The doctor took the stethoscope out of his ears and reached in his pocket for his prescription pad. I have been sick off and on for a month due to allergies and sinus stuff. The bronchitis returned last weekend so I went in to get a steroid shot.
"The deal with patients like you," he said as he wrote me a scrip for antibiotics and cough medicine. "Is that y'all never met a day that you didn't find something to like. And that's a great thing. The problem with guys like you is that you never rest when you are sick. You're always pushing."
I never thought about it like that before. In retrospect the good doctor is on to something. While I will never be confused with Fred Rogers or any other Mary Sunshine type you may think of, I do tend to find something to like about most every day the Lord sends. Especially now since I don't practice law all the time anymore.
Perhaps that is what has sustained me for much of my 60 years, the first day of which I enjoyed yesterday.
Yesterday, I became the first male on my father's side in 2 generations to hit the big six-oh. While I can't say that I obsessed about the bad hand I've been dealt genetically or went screaming in the night about it, it is fair to say that I have been aware of, not so much my mortality, but just how any of a number of things that happened along the way could have jumped ugly.
Around 1986, I was mugged at gunpoint. My Tulane classmate Jeff Adams had the same experience right after graduation. He got his head blown off. I didn't. About 5 years later a drunk in a Tahoe ran a red light turning my Chevy Nova into a concertina. I walked out with a small laceration in my ear.
Around 1993, I came home from work to find 3 guys robbing my house. I must have scared them as much as they scared me. They went out the back while I went back out the front. Surely one of those assholes had a gun. I certainly didn't. All they got was stuff. You can replace stuff. It worked out.
About 2008 I was diagnosed, much to everyone's considerable surprise despite my sorry family history, with coronary artery disease. It is in the left anterior descending artery which is popularly, for lack of a better word, referred to amusingly as "The Widowmaker" for it's documented ability for killing people dead. Heart disease claimed my father and his father. I'm asymptomatic. I crush every stress test they throw at me.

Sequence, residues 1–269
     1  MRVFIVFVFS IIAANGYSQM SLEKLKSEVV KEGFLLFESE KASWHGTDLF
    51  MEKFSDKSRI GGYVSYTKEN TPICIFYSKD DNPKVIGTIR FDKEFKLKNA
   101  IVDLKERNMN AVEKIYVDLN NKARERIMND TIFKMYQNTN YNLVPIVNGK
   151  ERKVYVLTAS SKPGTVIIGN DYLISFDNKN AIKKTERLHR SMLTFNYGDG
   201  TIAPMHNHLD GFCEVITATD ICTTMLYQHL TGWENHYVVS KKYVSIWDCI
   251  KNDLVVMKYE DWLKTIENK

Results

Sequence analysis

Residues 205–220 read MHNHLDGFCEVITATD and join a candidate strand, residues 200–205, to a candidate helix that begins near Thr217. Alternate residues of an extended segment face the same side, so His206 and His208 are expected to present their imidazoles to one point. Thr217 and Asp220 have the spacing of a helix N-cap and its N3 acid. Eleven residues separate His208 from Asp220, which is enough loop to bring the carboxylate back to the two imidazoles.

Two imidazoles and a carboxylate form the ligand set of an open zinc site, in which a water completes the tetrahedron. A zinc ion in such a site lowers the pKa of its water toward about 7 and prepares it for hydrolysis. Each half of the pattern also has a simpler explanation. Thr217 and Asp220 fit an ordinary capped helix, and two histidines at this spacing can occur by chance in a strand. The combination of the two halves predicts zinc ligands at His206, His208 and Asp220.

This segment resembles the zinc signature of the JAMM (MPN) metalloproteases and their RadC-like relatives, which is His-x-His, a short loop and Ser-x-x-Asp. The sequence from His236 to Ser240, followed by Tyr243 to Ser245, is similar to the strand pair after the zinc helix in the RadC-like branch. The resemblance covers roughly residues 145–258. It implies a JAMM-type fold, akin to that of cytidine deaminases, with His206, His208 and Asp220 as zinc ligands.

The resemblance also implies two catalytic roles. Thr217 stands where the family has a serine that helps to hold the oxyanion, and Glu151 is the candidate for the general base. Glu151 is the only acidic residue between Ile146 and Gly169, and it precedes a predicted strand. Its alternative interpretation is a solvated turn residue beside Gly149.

My cardiologist says I have a better chance of getting shot than having a fatal heart attack. Whatever that means. My PCP goes so far as rating my chances for such an event as "zero" despite the sludge in my system. I am fortunate to be living in the era of statin drugs and stents. My dad was not so fortunate. Also, unlike my father and my grandfather I don't smoke. Smoking will kill you graveyard dead about 5 different ways.
One of the reasons I don't smoke is because I have suffered from upper respiratory problems all my life. I had pleurisy as late as last May. Some folks get colds. I acquire stuff out of a book by Dickens. I catch these things and I get over them. Around 2010, Hugh Tedder, another Tulane classmate, caught the flu. He died. He left two daughters. Where's the fairness in that?
I don't much ascribe the hand of God in sparing me all these years. That would suggest that God routinely intercedes in human history which I can't say that I see from the evidence before me. Or that if he does, he is perverse about it.
So I can't say that I can provide an explanation for how I arrived at this charmed state of affairs.
But as the doc says, I do tend to find something good in every day that I am lent breath. I enjoy spending time with the boys at Catholic High. Even when they piss me off. I practice law just about as much as I can stand. I think my current caseload stands at 3. I still pretty much suck at golf but it no longer troubles me enough to try to improve. I am playing guitar and singing with the help of an exceedingly patient and frequently amused young professional musician.
I have stumbled into a relationship with a beautiful, kind, and tolerant woman. She is lovely in every way. Far better than I deserve in any event.
Last night we attended a party where I was surrounded by family and friends. Good food and drink. Much story swapping and laughter along with a few tears. How did I get to this pass? Call it pure dumb luck. Call it what you will.
But I realize that I am the most fortunate man on Earth. And I don't take it for granted one little bit.
The doc handed me the scrip.
"Have fun at your party. Take a little of the cough medicine about an hour before you go. Eat and drink what you like as long as you got a driver," he said. "Just see if you can find something good the next couple of days that involves reading a book or watching sports. Because I want you to rest. No working out. No golf. Chill out. You're in remarkable shape for 60. But you are 60. And you need to get well."
I started to walk out of the room. The doc called my name. I turned around.
He gave me a fist bump.
"Congratulations, man," he said. "You did it."
So it would appear.
And I don't have to think about this stuff anymore.